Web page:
A photograph apparently taken at the same event.
Joan’s name is included in the official list of mourners at Harold Robinson’s funeral service which took place at Littleover Parish Church on Tuesday January 24th 1953
We are still trying to establish her identifying mark, but during the period that she was in a training role she would not have needed to mark her work.
Joan left Royal Crown Derby to look after her son Martin Tanner in April/May 1956. She died in 1998.
Joan wrote an account of her experiences at Royal Crown Derby and this is set out below. It is unedited. As far as I can establish this is the first time this has been published:
"RECOLLECTIONS OF A DERBY APPRENTICE PAINTRESS
In August 1932 at the age of 14 I applied for a job as an apprentice paintress at the RCD. After a successful interview I was told to report on Monday at 7.45.
On reporting to the lodgeman I was taken to Mr Turvey who was the Decorating Manager. The buildings were just the same as when it was the Derby Workhouse. I was to train in one of the dormitories. Mr Turvey took me up two flights of spiral stairs, badly worn by the inmates.
The room was long and narrow white washed walls seven small windows each with bars. A bench under each window, and a pot stove in the middle. At one end of the room there was a screen, a chamber pot and a jug of water to wash your hands.
Mr Turvey took me to Miss Broughton she was the first woman apprentice at the RCD Osmaston Road and was over eighty years old then. She informed me of all the Do’s and Don’ts, we were not allowed to eat or drink in the work room, if we wished to go to the toilet we had to put our hand up for Miss Broughton’s permission and we had to go alone.
There was another girl starting that day her name was Edith Hill. Her family had come from the potteries, her father was to be the new Clay End Manager.
There were fourteen other women in the workroom, some quite old, they were all misses, as married women did not go to work in those days. Miss Broughton gave us a three legged stool and indicated at which bench we were to sit.
Our ‘tools’ a tile, turpentine, oil, paint, a fine brush and a white plate. We were told to take care of our brushes as in future we bought our own 11/2p for tracers 2p for shaders 1/2p increase according to size (old money).
Miss Broughton sat at the end of the middle table on a chair raised on a small platform. We stood at her side while she demonstrated some strokes on our white plate and then told to copy them. This we did time and time again, only to be told to wipe it off and do it again. The white plate was the only piece of china I worked on for three month.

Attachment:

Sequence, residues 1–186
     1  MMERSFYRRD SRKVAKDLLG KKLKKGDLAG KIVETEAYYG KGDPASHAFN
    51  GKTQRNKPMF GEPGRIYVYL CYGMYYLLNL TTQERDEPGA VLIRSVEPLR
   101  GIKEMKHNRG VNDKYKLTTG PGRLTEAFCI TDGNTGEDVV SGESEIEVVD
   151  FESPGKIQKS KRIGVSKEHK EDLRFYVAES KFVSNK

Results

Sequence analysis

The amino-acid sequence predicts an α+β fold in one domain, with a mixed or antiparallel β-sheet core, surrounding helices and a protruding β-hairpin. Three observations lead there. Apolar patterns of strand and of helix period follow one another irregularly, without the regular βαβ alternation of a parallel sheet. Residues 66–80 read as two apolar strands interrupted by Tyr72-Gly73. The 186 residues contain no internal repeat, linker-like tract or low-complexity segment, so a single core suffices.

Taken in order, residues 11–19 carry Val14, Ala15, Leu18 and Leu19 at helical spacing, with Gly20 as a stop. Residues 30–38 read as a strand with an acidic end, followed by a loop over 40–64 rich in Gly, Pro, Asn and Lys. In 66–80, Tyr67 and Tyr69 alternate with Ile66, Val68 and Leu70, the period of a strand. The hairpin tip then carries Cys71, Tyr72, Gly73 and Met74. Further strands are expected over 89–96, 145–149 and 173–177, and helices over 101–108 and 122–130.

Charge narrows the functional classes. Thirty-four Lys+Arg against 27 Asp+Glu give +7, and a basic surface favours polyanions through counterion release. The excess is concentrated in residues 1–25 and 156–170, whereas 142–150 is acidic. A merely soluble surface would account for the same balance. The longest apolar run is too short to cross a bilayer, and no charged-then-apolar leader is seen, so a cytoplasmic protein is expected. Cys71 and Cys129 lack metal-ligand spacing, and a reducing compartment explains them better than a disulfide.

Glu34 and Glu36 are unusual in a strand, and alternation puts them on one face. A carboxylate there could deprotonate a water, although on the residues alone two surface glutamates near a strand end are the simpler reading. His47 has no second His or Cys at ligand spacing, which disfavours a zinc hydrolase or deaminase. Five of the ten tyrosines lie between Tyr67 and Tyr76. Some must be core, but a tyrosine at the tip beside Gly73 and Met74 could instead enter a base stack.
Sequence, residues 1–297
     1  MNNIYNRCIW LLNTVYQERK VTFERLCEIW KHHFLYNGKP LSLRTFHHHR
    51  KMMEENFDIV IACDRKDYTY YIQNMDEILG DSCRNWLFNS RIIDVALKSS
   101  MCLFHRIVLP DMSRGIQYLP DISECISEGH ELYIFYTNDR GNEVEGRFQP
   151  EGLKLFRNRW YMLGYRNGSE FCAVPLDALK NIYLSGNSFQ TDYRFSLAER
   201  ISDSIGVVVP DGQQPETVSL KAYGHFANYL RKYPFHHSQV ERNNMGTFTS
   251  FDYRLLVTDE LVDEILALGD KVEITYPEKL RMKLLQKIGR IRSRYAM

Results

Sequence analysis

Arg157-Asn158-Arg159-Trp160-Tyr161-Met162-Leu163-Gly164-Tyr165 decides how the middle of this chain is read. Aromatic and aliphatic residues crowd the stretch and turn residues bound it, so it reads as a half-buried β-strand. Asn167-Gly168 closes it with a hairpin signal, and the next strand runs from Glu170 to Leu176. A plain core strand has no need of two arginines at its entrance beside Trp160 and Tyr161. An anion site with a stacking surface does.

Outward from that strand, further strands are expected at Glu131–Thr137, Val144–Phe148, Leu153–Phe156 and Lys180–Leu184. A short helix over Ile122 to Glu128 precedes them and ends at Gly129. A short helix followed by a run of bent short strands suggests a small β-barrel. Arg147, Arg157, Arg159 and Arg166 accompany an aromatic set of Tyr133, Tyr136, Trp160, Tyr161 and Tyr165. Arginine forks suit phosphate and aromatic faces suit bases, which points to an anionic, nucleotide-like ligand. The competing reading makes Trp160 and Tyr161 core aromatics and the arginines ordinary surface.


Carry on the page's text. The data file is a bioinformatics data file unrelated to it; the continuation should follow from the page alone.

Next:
As apprentices we had to empty the stove of ashes and take them down two flights of stairs and bring back two buckets of coal every day (no central heating then).
Friday was cleaning day, windows were cleaned, benches scrubbed, floors mopped and stairs washed. There was another thing we didn’t like on Friday, bones were brought from the Derby abattoir boiled, incinerated and then ground as one of the China’s ingredients. My wages for the first year were six shillings and threepence (32p in today’s money) per week.
After working on the white plate we progressed to working on miniatures again the procedure as the same, practice and practice until Miss Broughton considered us good enough to do work. First small pieces and then gradually larger and more intricate patterns. Every piece was closely examined before it was passed to the kilns for firing.
We got to know when orders from big American stores were expected hoping they were large enough to enable us to work full time. The American stores were Tiffany’s and Plummers had their own names printed under the RCD stamp.
The bottleneck kilns relied on coal for heat and the skill of the men who fired them. There were holes round the ovens for the men to draw out trials to check on the correct temperature.
In 1939 the war came and things changed. All women were released for war work with the exception of Miss Gerard, a Gilder and myself as the paintress. I was encouraged to learn from the men painters Mr Mosely, Mr Gregory, Mr Dean and Mr Gresley, Mr Haddock was the Gilder.
Mr Mosely wore knicker bockers and was quite a character. They all had one thing in common, perfection.
During the war we had to fire watch one night a week at the works. The team included Mr P Robinson Works Manager, Alec Wainwright Decorating Manager, Bill Morris Clay End Manager, Mr Ken Peake Works Secretary, Connie Polkey and my sister and I. We were as much afraid of the cockroaches as the German Bombers.
When the war ended we had parties to celebrate the victory.
I retired from the works at the age of 37, when my son was born. I worked from home for quite a few years after.
My father worked for the old North Staffs railway in Stoke and was moved to Derby when the LMS amalgamated. I suppose I have a feeling of nostalgia about china, as the old railway men have of steam trains.
Times change production methods change, but the RCD still produce beautiful china.
J Tanner, nee Midgley, nee Ravenscroft"
The photographs and Joan's recollections have very kindly been supplied by Martin Tanner from his family archive.